Romania’s minority government will ask the country’s top court to rule a motion of non-confidence unconstitutional after it was submitted by the opposition when Parliament is in recess.
The Social Democratic Party drew up the motion this week, saying the Liberal government should be dismissed for its handling of the coronavirus pandemic and the resulting economic downturn.
The Social Democratic Party read out the motion in Parliament on Thursday during an extraordinary session. It will likely be voted on next month.
Prime Minister Ludovic Orban who was present in Parliament said he disagreed with the timing and content of the motion.
He claimed it had turned into a judicial conflict between the government and the Parliament “without precedent in the last 30 years.”
„It’s a pseudo-motion. In the last 30 years, I’ve never seen such a manipulative motion, a collection of lies and data,” he said referring to economic statistics referred to in the motion such as the average monthly salary.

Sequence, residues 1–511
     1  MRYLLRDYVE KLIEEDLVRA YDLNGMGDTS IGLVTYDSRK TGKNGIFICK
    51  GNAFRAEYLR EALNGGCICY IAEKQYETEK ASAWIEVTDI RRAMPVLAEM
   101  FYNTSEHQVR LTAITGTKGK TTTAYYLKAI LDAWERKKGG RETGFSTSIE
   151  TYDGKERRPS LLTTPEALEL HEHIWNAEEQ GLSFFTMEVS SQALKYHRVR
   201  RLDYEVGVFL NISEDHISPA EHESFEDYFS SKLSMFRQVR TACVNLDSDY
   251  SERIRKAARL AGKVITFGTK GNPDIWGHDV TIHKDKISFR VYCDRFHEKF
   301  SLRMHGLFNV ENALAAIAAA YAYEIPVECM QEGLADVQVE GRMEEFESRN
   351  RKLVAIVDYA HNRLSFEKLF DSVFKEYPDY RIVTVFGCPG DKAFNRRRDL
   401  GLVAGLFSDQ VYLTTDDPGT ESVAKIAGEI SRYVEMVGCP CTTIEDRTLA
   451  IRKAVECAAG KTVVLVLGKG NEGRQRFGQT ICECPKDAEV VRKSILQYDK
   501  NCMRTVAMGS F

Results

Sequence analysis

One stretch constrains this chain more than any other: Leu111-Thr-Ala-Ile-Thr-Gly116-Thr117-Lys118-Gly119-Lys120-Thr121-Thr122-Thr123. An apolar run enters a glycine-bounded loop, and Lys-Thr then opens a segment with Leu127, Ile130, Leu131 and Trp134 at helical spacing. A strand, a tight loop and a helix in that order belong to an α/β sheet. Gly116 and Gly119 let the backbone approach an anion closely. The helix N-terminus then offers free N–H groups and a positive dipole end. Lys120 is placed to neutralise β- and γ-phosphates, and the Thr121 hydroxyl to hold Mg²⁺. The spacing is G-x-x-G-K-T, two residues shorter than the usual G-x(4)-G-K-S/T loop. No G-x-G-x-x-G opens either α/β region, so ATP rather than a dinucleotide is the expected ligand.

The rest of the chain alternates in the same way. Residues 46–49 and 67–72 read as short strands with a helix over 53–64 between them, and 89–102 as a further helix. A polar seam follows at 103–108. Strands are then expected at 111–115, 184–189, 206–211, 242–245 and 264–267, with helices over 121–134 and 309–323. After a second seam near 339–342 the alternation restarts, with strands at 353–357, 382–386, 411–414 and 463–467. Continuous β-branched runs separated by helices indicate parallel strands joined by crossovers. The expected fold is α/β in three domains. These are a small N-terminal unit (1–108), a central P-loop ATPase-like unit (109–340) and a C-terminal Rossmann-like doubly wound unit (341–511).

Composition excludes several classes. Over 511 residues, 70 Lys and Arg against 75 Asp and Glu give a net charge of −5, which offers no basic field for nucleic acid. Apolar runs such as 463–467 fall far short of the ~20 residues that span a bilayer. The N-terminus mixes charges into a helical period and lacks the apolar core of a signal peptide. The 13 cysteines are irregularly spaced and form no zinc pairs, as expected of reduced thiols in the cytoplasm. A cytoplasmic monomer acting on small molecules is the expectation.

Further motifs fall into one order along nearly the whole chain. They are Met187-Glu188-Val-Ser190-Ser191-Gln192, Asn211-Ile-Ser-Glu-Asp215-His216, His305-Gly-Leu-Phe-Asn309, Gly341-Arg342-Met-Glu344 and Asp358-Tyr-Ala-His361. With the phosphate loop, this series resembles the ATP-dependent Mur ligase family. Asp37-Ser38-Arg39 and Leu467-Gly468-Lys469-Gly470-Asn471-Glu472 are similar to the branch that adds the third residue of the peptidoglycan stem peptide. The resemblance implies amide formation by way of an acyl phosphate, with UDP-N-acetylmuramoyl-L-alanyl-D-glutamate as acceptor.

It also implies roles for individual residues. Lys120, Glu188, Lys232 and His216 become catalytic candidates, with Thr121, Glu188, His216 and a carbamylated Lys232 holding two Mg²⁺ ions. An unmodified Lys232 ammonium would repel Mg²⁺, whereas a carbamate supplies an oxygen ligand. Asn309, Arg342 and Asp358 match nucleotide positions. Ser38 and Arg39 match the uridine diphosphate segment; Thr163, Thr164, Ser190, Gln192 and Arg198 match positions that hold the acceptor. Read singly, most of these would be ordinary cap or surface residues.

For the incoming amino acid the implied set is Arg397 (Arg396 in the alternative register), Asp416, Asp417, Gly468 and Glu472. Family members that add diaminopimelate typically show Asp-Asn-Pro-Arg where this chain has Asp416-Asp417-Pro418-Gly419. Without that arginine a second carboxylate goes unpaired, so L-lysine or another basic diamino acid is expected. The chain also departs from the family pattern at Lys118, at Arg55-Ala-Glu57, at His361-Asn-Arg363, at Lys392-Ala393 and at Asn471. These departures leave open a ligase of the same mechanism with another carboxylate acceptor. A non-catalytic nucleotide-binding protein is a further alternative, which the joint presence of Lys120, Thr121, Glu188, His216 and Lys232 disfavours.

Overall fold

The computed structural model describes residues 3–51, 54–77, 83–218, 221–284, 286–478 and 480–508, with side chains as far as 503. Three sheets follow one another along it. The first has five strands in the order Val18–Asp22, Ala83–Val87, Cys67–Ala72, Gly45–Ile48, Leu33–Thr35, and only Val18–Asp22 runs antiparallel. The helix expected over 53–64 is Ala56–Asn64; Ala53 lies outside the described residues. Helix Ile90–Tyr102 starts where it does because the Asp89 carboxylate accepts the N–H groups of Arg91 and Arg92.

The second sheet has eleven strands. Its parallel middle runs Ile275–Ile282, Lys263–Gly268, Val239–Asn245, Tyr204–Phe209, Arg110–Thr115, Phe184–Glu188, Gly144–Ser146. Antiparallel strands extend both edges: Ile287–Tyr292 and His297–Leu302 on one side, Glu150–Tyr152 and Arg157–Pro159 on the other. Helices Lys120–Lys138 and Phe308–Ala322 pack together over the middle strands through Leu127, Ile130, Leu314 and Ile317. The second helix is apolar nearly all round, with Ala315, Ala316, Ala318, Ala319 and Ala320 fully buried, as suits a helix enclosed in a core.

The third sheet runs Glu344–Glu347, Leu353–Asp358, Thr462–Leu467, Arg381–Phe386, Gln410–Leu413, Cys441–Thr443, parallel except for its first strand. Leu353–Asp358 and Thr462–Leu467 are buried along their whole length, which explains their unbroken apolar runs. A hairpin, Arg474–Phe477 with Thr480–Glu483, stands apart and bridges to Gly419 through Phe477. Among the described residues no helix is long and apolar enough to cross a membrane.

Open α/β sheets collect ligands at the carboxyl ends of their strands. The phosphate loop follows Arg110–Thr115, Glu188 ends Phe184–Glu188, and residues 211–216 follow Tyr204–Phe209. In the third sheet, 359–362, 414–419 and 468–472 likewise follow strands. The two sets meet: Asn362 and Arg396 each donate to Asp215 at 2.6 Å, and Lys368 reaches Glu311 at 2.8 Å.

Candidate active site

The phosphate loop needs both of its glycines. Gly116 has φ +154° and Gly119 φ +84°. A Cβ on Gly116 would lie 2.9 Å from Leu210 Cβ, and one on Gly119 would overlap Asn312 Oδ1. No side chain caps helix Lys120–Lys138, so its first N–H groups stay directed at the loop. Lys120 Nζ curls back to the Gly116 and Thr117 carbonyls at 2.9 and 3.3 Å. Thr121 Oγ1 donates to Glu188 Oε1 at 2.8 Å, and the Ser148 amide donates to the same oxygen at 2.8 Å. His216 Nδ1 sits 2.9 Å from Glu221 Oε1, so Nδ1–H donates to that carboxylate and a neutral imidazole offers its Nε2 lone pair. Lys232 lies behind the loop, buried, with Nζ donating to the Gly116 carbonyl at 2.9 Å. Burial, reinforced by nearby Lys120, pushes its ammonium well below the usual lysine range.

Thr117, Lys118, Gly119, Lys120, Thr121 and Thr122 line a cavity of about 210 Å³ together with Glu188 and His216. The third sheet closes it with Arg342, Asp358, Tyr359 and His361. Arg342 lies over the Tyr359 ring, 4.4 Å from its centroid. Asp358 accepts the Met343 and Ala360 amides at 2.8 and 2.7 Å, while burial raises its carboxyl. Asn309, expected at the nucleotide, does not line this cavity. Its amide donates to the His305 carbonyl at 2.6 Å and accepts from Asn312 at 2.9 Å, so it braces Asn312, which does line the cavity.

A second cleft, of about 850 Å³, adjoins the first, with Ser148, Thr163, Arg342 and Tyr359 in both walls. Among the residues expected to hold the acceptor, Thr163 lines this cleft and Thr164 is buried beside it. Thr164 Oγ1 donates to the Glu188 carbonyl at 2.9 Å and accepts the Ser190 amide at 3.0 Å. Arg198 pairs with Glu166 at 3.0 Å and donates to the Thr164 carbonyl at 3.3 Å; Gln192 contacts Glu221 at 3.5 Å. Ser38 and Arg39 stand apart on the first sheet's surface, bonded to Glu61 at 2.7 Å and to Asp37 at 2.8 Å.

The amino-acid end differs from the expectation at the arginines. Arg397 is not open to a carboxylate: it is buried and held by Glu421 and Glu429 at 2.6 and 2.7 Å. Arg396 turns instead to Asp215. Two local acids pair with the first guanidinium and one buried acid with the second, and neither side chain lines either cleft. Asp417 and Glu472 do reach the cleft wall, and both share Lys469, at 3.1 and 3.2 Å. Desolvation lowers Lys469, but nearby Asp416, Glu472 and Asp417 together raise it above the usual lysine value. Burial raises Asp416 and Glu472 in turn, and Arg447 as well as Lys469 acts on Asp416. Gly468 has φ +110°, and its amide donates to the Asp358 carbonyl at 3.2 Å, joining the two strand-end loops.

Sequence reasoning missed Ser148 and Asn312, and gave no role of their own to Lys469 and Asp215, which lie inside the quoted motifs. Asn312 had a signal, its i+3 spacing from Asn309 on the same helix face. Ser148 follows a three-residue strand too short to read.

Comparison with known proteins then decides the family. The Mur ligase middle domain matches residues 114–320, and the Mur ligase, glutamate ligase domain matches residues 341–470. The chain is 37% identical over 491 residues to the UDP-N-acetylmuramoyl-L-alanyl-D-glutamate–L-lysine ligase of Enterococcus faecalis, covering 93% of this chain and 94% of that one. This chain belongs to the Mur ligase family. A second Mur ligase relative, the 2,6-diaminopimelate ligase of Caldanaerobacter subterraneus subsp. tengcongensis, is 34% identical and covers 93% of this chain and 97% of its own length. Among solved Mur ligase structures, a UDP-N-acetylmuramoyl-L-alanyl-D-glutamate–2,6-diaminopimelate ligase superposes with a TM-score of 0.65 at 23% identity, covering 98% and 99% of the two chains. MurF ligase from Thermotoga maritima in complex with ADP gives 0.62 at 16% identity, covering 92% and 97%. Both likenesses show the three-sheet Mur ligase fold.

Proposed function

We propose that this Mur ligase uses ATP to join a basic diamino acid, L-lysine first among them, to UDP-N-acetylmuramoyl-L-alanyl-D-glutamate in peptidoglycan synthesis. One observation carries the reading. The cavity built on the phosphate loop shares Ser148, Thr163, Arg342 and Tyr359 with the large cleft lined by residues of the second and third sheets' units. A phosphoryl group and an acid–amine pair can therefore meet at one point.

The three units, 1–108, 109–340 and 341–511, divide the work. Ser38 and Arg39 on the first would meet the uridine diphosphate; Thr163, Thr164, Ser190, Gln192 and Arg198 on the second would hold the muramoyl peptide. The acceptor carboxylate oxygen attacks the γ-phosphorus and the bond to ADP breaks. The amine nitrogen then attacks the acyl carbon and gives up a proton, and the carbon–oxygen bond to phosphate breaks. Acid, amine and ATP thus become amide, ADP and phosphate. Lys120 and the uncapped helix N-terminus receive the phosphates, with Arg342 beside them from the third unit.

Orban called it: “porky pies which are contradicted by official statistics.”
But the Social Democrats said that Orban’s reaction was merely a ruse to stay in power.
“Orban is desperate to keep his job and he’s clinging to some judicial ruses to stay a few days longer” in the position before he’s out of a job. “I invite him to test his majority in Parliament,” Social Democrat lawmaker Albert Simonis said.
On paper, the Social Democrats could easily dismiss the government with support from their allies in Parliament, but it is unclear whether they really intend to overthrow the government ahead of local elections at the end of September and parliamentary elections late this year.
Orban said the Constitutional Court should make a ruling “to not allow a violation of the constitution about something as fundamental as a motion of no-confidence.”
Orban said he would officially submit a petition asking for a ruling later Thursday or Friday.
He said until the court made a ruling, he considered the motion unconstitutional.